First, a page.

Nov 7, 2019, 9:23:53 AM CST Nov 7, 2019, 10:03:45 AM CST

Jaundice in newborns: Causes and treatment

When to be concerned about this common condition in newborns

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As many as half of all newborns experience jaundice, a yellowish discoloration of the skin and eyes, during their first weeks of life – and in most cases, the condition can be easily managed. But despite its high occurrence, jaundice is always something to pay attention to urges Amal Aqul, M.D., a pediatric gastroenterologist at Children's Health℠ and Assistant Professor at UT Southwestern.

"Jaundice by itself is not a dangerous condition, however, it might be a sign that something else is going on in the liver," Dr. Aqul says.

Dr. Aqul explains why some causes of jaundice may be more serious than others and what new parents should know.

What causes jaundice in babies?

Jaundice, also called hyperbilirubinemia, occurs when a baby's liver cannot process bilirubin (the waste left over when red blood cells break down naturally). When bilirubin collects in the bloodstream, it can cause a yellowish tint to the skin and eyes. All babies, whether or not they look yellow, are tested for jaundice with a simple blood test after birth.

Most causes of jaundice are benign and go away quickly after birth. Babies have higher levels of red blood cells and a high percentage of red blood cells that breakdown, which can make it hard for their immature livers to remove bilirubin. If your child receives a bruise during delivery, that may lead to jaundice. Babies may also experience "breast milk jaundice," which can occur when breast milk temporarily slows the liver from breaking down bilirubin.

"Most of the reasons for jaundice are a normal part of being a baby," Dr. Aqul says. "But it's very important to check what kind of jaundice the baby is having."

If bilirubin levels are high, your doctor will check what kind of bilirubin is elevated: indirect bilirubin or direct bilirubin. Indirect bilirubin is the most common cause of jaundice in babies. However, if blood tests reveal your baby has higher levels of direct bilirubin, they may need more tests to determine the cause.

One possible and more serious cause of jaundice is biliary atresia. In babies with this condition, the bile ducts around the liver are either missing or are too small. Babies with biliary atresia need surgery to correct this problem, and early diagnosis is vital.

Other conditions such as cystic fibrosis or hepatitis may also cause jaundice in newborns.

Signs of jaundice in newborns

While most babies who have jaundice show signs in their first few days of life, your baby may be at home before they experience any symptoms.

Symptoms of jaundice in newborns may include:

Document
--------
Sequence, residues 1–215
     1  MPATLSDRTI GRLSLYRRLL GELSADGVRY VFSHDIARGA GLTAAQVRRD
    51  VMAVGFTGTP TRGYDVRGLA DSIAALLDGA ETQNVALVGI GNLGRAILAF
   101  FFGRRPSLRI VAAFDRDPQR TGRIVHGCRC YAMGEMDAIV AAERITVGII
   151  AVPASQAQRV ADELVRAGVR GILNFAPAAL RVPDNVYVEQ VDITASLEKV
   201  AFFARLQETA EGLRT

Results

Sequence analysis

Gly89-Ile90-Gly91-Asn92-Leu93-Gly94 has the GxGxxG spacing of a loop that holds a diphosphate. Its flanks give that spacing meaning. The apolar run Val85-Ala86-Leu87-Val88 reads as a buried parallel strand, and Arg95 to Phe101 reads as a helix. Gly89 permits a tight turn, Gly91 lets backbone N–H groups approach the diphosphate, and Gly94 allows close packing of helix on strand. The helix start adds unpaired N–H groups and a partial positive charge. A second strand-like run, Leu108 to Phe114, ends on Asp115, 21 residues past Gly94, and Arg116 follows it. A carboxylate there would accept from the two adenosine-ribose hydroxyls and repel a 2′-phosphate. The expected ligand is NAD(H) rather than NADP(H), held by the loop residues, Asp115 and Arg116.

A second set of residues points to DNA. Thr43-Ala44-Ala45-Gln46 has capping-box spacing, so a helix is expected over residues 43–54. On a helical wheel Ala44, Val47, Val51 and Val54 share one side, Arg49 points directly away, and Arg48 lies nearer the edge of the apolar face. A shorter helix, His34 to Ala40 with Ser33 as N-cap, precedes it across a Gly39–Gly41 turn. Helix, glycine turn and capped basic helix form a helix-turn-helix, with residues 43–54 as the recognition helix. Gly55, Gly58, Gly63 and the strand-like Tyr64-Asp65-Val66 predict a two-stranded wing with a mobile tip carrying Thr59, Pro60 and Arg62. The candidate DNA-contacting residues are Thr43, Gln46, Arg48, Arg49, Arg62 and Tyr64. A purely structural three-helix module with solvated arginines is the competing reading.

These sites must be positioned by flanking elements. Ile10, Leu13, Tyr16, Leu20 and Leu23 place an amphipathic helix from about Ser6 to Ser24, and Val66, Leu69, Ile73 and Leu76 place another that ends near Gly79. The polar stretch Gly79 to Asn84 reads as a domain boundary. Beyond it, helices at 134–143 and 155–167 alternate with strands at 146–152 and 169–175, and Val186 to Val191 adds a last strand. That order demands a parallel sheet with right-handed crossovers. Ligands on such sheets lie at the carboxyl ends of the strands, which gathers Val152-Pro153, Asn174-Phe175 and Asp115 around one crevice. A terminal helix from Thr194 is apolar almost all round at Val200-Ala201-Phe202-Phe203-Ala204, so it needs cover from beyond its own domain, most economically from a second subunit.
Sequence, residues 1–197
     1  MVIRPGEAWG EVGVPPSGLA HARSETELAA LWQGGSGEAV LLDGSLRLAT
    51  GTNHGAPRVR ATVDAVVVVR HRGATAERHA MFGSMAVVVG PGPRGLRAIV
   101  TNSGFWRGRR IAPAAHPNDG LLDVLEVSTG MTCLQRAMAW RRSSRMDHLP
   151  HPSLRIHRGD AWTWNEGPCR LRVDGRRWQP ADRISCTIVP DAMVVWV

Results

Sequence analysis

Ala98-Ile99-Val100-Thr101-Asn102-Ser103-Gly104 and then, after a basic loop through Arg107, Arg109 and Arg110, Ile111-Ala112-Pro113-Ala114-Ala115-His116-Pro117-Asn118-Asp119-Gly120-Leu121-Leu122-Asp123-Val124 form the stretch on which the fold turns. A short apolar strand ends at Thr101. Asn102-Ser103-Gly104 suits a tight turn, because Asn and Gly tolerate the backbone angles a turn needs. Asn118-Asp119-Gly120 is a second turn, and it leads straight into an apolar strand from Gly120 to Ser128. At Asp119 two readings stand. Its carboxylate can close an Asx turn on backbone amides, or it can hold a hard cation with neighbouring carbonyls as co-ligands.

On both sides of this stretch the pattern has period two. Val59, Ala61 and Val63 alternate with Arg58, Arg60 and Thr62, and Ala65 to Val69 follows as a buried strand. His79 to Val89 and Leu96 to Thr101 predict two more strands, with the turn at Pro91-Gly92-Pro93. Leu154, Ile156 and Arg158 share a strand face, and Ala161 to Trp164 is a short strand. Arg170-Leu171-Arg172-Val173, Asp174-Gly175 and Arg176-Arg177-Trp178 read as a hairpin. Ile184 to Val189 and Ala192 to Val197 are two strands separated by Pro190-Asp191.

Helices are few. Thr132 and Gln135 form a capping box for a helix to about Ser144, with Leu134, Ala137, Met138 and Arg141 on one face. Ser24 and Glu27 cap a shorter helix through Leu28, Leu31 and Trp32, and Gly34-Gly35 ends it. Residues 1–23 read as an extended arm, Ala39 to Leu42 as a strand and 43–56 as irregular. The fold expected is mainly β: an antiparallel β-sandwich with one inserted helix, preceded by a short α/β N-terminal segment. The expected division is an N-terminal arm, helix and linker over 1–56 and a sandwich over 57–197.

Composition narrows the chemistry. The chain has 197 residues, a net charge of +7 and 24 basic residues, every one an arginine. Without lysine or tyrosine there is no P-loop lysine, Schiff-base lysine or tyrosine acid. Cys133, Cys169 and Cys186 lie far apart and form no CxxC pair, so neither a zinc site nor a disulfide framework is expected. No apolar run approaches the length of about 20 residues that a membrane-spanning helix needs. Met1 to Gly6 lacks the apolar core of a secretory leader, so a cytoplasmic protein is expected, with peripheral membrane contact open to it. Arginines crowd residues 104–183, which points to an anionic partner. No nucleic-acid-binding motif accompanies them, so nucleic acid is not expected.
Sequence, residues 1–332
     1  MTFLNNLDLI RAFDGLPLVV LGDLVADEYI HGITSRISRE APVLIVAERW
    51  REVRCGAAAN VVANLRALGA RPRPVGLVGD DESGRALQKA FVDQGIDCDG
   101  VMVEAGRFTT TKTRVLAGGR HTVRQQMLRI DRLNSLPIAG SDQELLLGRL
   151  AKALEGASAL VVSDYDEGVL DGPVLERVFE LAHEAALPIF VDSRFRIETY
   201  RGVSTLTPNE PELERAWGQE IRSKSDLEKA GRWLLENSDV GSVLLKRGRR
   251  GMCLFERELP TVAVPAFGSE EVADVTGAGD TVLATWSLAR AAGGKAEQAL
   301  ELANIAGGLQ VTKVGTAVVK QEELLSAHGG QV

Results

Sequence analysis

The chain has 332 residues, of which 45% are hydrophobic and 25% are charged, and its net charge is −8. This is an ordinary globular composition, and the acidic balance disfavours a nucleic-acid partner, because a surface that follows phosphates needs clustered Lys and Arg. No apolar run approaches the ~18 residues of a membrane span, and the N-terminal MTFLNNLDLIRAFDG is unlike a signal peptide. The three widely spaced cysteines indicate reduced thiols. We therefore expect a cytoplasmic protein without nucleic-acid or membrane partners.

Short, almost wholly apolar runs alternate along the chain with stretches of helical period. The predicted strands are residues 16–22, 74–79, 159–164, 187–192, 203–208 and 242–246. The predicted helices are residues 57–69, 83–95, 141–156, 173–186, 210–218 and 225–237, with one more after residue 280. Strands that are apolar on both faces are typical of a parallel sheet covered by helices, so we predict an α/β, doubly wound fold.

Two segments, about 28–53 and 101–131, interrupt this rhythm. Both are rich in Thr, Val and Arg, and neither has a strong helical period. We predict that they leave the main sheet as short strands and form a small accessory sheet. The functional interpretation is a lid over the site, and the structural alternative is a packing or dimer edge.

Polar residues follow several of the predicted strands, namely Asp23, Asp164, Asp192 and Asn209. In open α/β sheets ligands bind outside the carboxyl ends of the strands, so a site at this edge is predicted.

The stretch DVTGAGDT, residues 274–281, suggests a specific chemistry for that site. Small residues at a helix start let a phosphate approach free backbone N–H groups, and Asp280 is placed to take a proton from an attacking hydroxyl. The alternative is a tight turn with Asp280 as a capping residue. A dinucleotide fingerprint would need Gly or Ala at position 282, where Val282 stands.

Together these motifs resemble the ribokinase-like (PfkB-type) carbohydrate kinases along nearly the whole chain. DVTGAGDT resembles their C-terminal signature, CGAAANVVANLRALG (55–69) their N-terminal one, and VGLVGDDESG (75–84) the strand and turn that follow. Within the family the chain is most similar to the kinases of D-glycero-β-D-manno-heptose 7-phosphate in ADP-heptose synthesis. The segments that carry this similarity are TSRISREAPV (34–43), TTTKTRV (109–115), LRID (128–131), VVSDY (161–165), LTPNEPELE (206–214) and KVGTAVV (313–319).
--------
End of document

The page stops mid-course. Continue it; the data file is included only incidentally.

• Yellowing of the skin or eyes
  • Increased irritability
  • Sluggishness
  • Poor sucking during breastfeeding
  • A high-pitched cry

If your baby has these symptoms, call your pediatrician's office. They can schedule an appointment to check your child's blood for bilirubin. You should also tell your doctor if your child has decreased amounts of urine (less than 8 wet diapers per day) or pale-colored or chalky stools. These can be signs of a more serious issue.

How is jaundice treated in newborns?

The treatment for jaundice depends on its cause. In many cases, jaundice usually goes away on its own within a few days to a couple of weeks. Regular feedings, whether breastfeeding or formula feeding, can help your child grow and get rid of bilirubin.

Your child's doctor may do repeat blood tests to check their bilirubin levels while they are in the hospital. If the bilirubin levels are rising or are already high, phototherapy may be offered as a treatment option.

During phototherapy, the child's diaper remains on, an eye mask is placed over the eyes and the baby lays on a warm bed with blue lights shining on them. This blue light helps your child's body break down bilirubin. Phototherapy treatment takes one to two days to complete. Your child may also be able to receive therapy at home with a specialized light-emitting blanket.

For more serious cases of jaundice, a child may need a blood transfusion or surgery. Additional plasma or immunoglobin can help the body get rid of bilirubin.

While severe cases and causes are rare, it's important that jaundice is monitored and that its cause is pinpointed.

"The earlier you diagnose the problem, the better the outcome will be," Dr. Aqul says. "It's crucial that whenever an infant has jaundice, parents bring it to the pediatrician's attention so that appropriate testing can be done."

Learn more

The Pediatric Liver Disease Program at Children's Health provides comprehensive treatment for pediatric liver disease, including the only pediatric liver transplant program in North Texas. Specialists diagnose and treat everything from newborn jaundice to biliary atresia, and other complex liver conditions. Learn more about our hepatology program.

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